The definition of "victory" in Iraq has certainly been a moving target over the last 4 plus years. According to the original justification we won 3 plus years ago - Saddam is out of power, and now dead, and no threat from WMDs, of course there never was a threat. It seems now that the latest justification is to defeat the terrorist and insurgency that was created by the initial invasion and the following mis-management. The entire Democracy thing was just a passing fad. It's becoming increasingly obvious that the new "victory" as seen by the neocons and the Bush administration is to postpone the inevitable withdrawal long enough so they can blame it on the terrorist loving Democrats and the other 60 plus percent of the Americans who think it's time to get out. The New York Times has a commentary today that I agree with for the most part.
On to the Hard Part on Iraq
President Bush lost touch long ago with Iraq’s political reality — not to mention Americans’ anguish and disbelief at his mismanagement of the war. So we welcome the House of Representatives’ long-overdue attempt to shake some sense into Mr. Bush with a resolution opposing his decision to send another 20,000 combat troops to fight this disastrous war without any plan to end it.This is indeed what needs to be done and the Administration and hegemonic war mongering neocons will resist. It was never their intention to withdraw from Iraq. A, if not the, primary reason for the invasion and occupation was to establish a permanent military presence in the region. So how to halt the insanity? I agree with the Times that Murtha's plan is not the answer. A more effective way to "slow bleed" it might be to make them pay for it. How about a 5% war surcharge on all income over $200,000? That would get some-one's attention. Strict timetables and and consequences if they are not met as the Times suggests would also be better than Murtha's plan. The timetables would not be met as the Shiite government has no desire to have a unified government so after perhaps a brief respite the violence will once again intensify. With the Shia militia's sitting it out for a while the surge will for all purposes be an ethnic purge of Sunnis which will result in Saudi Arabia and Egypt pumping more arms and supplies into the country. The real hope may be the rumored talks between Iran and the Saudis, neither one of which really wants a regional war and both know that the Bush administration's policy will eventually result in one.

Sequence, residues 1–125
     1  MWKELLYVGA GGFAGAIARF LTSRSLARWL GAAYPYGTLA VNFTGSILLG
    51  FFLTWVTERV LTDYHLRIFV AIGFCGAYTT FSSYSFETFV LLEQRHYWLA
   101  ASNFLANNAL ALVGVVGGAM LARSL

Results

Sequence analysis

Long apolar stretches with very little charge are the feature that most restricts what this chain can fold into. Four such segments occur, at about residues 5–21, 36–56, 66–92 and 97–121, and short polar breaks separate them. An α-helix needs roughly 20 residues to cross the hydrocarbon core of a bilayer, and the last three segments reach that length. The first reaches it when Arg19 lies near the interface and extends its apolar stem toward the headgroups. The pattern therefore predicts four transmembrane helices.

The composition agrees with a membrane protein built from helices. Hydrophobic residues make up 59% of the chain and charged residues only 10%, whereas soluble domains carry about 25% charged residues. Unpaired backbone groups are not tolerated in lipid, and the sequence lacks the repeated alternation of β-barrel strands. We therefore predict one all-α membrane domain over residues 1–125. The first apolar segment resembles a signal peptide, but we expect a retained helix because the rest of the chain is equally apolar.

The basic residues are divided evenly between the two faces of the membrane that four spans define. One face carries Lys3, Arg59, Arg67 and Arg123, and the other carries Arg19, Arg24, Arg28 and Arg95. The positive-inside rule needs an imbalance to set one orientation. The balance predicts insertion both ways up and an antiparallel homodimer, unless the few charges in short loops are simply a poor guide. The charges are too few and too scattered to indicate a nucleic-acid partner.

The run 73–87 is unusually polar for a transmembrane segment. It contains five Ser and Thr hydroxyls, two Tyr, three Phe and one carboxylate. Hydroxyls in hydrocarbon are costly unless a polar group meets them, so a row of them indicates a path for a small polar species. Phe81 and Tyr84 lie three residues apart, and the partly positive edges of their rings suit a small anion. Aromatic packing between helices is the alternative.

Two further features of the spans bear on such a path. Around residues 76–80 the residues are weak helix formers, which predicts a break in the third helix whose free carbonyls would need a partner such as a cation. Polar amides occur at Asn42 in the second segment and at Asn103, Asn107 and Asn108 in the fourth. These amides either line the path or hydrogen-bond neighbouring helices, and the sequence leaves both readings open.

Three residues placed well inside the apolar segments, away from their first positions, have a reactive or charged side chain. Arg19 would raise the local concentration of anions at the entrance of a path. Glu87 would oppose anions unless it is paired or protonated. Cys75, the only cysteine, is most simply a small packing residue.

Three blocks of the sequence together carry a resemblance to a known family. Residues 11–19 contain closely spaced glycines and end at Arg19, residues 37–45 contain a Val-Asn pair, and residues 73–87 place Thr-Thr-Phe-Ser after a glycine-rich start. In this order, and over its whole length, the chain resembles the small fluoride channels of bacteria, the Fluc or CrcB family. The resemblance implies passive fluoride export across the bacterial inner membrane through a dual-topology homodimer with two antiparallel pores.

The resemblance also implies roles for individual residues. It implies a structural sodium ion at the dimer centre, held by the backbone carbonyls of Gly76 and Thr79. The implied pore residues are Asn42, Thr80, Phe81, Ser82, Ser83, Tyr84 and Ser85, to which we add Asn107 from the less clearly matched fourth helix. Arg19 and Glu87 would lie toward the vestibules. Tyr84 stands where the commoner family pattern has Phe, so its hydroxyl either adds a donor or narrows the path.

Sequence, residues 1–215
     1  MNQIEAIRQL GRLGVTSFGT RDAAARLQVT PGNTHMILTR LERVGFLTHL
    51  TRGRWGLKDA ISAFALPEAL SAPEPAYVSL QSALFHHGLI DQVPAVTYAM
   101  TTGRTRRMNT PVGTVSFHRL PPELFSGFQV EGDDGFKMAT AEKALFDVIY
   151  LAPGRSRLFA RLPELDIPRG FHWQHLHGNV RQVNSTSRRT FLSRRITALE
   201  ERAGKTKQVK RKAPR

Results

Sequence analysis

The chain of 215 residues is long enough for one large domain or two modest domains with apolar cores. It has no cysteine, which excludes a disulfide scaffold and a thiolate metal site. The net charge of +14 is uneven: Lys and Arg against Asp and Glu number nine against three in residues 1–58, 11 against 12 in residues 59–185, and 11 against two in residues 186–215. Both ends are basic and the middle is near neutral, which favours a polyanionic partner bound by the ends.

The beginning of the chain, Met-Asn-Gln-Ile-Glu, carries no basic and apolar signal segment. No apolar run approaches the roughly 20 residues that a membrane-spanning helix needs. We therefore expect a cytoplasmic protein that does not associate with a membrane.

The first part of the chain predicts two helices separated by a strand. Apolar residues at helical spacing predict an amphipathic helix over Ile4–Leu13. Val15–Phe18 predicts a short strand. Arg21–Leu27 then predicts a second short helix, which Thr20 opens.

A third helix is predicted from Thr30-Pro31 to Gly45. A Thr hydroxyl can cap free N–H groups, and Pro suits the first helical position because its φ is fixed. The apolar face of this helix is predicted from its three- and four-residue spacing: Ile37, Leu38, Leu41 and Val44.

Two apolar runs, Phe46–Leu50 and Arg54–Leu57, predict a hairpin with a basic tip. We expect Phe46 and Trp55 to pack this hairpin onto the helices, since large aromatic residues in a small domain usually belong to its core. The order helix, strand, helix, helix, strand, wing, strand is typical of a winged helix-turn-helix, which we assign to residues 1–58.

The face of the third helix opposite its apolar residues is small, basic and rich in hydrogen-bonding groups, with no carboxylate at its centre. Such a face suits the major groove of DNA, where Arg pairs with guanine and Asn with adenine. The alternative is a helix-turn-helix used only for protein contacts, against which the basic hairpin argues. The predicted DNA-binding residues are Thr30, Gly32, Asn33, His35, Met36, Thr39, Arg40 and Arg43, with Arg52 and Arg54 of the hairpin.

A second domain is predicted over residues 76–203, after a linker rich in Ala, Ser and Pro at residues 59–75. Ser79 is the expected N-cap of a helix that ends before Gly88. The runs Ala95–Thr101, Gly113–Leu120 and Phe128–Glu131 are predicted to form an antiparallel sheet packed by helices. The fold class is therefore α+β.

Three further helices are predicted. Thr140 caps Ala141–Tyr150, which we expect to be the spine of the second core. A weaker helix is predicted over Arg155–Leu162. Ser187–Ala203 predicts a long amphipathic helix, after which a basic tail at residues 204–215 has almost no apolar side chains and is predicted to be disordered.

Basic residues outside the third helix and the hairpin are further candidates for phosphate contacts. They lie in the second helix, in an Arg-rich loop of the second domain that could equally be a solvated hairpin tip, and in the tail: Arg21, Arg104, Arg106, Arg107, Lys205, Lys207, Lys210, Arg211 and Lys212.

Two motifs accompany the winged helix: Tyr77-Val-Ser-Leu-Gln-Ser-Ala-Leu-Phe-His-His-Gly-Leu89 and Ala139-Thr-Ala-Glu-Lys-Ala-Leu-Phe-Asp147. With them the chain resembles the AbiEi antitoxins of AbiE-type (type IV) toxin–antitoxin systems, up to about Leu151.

Yet yesterday’s vote, in which 17 Republicans joined the Democrats to produce a margin of 246 to 182, was the easy part. It takes no great courage or creativity for a politician to express continuing support for the troops and opposition to a vastly unpopular and unpromising military escalation. Even if the Senate manages to overcome its procedural self-hobbling and approve a similar resolution, the war and the mismanagement will go on.
The next necessary steps will require harder thinking and harder choices. Congress needs to do what Mr. Bush is refusing to do: link further financing for the war to the performance of Iraq’s Shiite-led government, which is making no serious effort to rescue its country from civil war.
Congress needs to impose clear benchmarks and rigorous timetables, insisting that the Iraqi government stop equivocating and start disarming sectarian militias, adopt a formula to share oil revenues equitably and end employment discrimination against Sunni Arabs. Congress must be prepared to cut off financing if the Iraqis refuse.